Building of the Month March 2020: Agecroft Chapel, Northern Cemetery, Salford

Built in around 1903 as a centrepiece for the Northern Cemetery in Salford, Agecroft Chapel exhibits a highly individual combination of architectural styles. The design was by Manchester-based architects, Sharpe and Foster, and displays elements of Gothic style, Arts and Crafts and Art Nouveau. The most notable feature of the building is the unusual tower which is surmounted by an eclectic wooden final stage set back behind a parapet.  This distinctive feature can be seen framed by the entrance gate as people pass outside the cemetery and have therefore made it a landmark in the area.

The chapel has been empty for more than 40 years and, inevitably, it has suffered during that time.  The tower requires work to stabilise it and the building is now fenced off as it is unsafe to enter.  

Agecroft Chapel was added to our Buildings at Risk register in 1999 and was spotted by a local resident who recognised it having grown up nearby and who loved the building.  A local working group was formed with the aim of bringing it back into use.  They worked with the respected Heritage Trust for the North West to find a way forward. The group also spoke to the Council's Conservation Officer at the time and their Bereavement Officer who came up with the excellent suggestion of using the chapel as a centralized point where the bereaved could find florists, monumental masons, funeral directors etc, all in the same building.

By 2004, the group had raised around £25,000 which was spent on a structural report and a feasibility report. 

In 2006, with the involvement of the Council, a Building Preservation Trust was set up to take proposals forward. Discussions continued but with finance a key consideration, not much could be done.  The project got new momentum in 2015 with some funding being provided by the Architectural Heritage Fund, National Lottery Heritage Fund, the Community Committee, Virador Waste and small donations from the public. The Architectural Heritage Fund and National Lottery Heritage Fund money was provided in 2017 to carry out a feasibility study.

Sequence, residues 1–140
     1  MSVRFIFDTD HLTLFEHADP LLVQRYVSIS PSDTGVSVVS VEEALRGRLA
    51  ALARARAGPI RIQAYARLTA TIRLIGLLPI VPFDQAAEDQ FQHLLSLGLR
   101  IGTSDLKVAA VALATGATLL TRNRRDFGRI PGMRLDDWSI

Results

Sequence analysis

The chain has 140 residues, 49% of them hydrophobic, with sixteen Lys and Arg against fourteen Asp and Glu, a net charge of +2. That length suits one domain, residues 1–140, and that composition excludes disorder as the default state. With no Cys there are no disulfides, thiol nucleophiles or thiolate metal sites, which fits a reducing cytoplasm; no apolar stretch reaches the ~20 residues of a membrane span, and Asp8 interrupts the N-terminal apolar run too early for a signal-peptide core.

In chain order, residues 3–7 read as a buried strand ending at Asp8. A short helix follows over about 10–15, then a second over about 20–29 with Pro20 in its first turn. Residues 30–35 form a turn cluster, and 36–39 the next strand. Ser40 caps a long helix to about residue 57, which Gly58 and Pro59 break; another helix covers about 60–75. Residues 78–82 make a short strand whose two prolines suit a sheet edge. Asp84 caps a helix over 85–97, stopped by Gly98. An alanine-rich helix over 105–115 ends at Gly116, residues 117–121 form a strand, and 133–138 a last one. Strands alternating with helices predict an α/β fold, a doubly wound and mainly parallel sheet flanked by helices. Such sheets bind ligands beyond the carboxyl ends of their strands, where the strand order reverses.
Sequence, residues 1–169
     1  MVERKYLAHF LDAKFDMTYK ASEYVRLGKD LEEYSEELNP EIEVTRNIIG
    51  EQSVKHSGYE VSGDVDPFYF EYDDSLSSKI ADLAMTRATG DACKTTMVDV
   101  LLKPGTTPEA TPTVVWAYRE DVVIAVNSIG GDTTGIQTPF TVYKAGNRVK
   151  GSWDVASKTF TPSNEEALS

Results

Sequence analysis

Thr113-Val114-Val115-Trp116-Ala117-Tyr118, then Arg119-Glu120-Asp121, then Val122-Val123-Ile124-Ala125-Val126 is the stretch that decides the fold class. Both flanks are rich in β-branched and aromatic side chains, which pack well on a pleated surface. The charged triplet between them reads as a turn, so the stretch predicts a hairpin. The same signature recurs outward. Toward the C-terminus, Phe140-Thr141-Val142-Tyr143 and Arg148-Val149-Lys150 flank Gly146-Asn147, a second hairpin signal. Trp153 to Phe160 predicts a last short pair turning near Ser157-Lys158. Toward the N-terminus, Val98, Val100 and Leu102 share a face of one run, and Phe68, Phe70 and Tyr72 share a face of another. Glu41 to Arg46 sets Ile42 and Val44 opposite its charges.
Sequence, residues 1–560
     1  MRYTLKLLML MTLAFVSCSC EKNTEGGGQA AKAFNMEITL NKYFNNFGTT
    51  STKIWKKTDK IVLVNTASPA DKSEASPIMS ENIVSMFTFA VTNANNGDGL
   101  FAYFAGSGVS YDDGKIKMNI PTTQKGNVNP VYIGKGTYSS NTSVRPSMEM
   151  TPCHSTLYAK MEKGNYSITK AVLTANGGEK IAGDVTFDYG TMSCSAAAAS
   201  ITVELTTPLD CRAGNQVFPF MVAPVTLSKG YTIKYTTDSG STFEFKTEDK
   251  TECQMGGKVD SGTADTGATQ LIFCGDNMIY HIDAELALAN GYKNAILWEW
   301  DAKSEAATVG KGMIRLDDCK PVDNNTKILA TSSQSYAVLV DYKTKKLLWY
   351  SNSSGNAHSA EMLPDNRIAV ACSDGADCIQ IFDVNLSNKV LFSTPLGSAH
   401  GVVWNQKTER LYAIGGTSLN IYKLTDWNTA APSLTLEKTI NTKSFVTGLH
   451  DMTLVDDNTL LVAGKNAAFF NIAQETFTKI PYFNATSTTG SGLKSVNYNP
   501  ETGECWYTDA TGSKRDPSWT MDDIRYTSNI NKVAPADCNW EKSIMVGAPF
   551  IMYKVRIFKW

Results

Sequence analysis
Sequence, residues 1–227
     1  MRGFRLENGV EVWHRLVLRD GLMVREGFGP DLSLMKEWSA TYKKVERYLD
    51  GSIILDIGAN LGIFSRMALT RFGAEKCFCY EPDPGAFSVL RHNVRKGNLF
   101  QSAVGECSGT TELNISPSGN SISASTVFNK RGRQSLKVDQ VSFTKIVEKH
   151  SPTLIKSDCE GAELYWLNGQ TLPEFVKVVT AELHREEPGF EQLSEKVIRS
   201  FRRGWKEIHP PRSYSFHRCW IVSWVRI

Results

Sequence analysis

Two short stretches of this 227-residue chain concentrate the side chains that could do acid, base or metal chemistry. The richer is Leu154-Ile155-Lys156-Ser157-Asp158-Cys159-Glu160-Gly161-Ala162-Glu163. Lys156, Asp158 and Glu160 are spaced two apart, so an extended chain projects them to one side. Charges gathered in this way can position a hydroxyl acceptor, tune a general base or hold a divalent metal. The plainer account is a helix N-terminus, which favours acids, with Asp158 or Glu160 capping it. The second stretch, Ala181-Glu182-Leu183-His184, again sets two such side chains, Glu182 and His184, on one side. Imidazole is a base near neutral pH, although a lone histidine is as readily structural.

In 2016, the Council cleared the building of extensive vegetation growth which was essential work and allowed updated assessments to be made of the building's condition. 

However, alongside these encouraging steps forward, it was clear that the tower required stabilisation and for this, considerably more funding was required.  Stabilising the tower would avoid any more serious collapse and allow the public to enter the building, generating interest and also opening up other avenues of potential fundraising activities.   

In 2019, the chapel was one of the buildings which was chosen to be painted by artist, Gerard Stamp, for his exhibition in support of SAVE and its buildings at risk work. Gerard chose a number of distinctive buildings from all round the country for which SAVE have campaigned and Agecroft Chapel was one of only 13 selected.

Sadly, the latest news is that the local group has lost some key members and the trustees have taken the decision to disband it.  At present all that is in the diary is a meeting to discuss implementing the decision to disband it.   But perhaps if some new and enthusiastic participants could be found, the work already done could finally be made to bear fruit.  As funding is the key stumbling block, anyone with experience of doing funding applications or anyone willing to apply themselves to the task is particularly sought, but anyone with an interest in working with others to bring this wonderful building back into use should get in touch with the Agecroft Chapel Restoration Group.  Their website can be found by clicking here